Lassen Mail – March 14, 1930 – Wendel Promises A Big Boom
Shades of the days of forty nine or of the oil fields are about to be created and materialize in the near future if current rumor and certain things that are more then rumor prove to be true. The scene of the séance is to be at Wendel, and from the evidence it is a good place to hold one.
There is much to be said in favor of Wendel. During the past week there have been eighteen engines in one day, three new men added to the force in the roundhouse, and an extra telegraph operator put on. Everything indicates a big boom which will do its booming in the near future.
Certain people may prefer to scoff at Wendel as a possible metropolis of the plains, but the fact that there is more than sagebrush down there has been proven throughout the past two weeks. There is a good future in Wendel, and farsighted people will soon be watching this place to see what happens.
My grandmother Purdy was an avid rock hound, so I experienced some interesting outings as a child. One of these adventures was to the Apache tears mine in the Smoke Creek Desert. The mine dates back to World War I when Smoke Creek resident Gordon Mott while exploring a small canyon came across a mica deposit. He developed a tunnel and a vertical shaft hoping that he would find gold. What he did find was small pieces of obsidian embedded in the soft mica, sometimes referred to as Apache tears or Black Diamonds.
Awhile back I received an inquiry about the status of my research on the Western Pacific’s Highline. For those not familiar it is a 200 mile stretch of railroad between Keddie, California to Klamath Falls, Oregon. Western Pacific would construct a 112 mile stretch from Keddie to Bieber, Lassen County. The Great Northern Railroad would construct the segment from Klamath Falls to Bieber. The rail line was completed in November 1931 with a golden spike ceremony at Bieber.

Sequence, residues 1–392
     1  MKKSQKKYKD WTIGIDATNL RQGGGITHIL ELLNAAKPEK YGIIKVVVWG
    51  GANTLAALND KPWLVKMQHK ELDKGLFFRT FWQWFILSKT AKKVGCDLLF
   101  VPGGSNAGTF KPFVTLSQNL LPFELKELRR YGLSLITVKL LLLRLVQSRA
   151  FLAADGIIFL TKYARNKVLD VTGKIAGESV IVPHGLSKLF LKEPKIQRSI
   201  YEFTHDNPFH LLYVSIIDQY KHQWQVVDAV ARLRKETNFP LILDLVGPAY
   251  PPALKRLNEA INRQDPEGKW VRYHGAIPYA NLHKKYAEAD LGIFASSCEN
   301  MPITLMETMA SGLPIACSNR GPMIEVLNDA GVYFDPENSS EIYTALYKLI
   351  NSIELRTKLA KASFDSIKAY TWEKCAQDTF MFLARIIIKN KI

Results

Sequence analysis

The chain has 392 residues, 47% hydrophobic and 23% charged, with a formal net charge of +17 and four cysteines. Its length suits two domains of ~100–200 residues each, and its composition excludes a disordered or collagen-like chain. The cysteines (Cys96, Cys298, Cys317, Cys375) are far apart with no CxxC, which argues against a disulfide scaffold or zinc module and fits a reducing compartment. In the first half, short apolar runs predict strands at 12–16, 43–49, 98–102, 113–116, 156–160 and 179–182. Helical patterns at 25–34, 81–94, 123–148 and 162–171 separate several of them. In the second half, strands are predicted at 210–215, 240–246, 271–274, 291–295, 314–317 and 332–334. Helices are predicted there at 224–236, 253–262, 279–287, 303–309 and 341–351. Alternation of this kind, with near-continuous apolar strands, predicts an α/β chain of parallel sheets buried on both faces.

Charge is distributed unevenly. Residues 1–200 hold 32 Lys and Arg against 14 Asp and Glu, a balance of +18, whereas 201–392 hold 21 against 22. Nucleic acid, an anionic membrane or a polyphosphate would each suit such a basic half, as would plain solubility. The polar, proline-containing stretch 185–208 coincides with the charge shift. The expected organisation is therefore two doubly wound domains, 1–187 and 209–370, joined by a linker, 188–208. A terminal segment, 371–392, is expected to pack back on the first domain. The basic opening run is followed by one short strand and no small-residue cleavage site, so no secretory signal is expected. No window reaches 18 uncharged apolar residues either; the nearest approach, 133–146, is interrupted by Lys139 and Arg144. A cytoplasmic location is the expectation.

As to the question at hand, the project literally got derailed. In future posts, however, we will explore some of the history of this line, which someone Western Pacific’s dubbed the line the Mountain View Route, but it was never adopted.
Are dry Decembers a prelude to a dry winter? Record snowfalls occur in January, and some times the preceding December was drier than normal and some times not. I will share a bit wisdom. As a young naive lad, I once asked my Uncle Bob Rea what his winter prediction. His reply, “I will tell you in March.”
Today’s featured photograph is train load of logs arriving at the Fruit Growers Supply Company mill in Susanville. It was taken in 1921, the same year the plant opened. Notice how very little had been developed nearby. Two buildings with a Tudor style like facade were the office and dining hall. Today it is now the site of Riverside Park.
By far one of the Westwood’s largest attractions was its company store. This was not your typical company store. Westwood would not have a so-called Main Street complete with a business district, but Fletcher was intrigued with the development of department stores in major cities. Adaptations, of course, were made for what worked in San Francisco or Minneapolis would not apply to Westwood.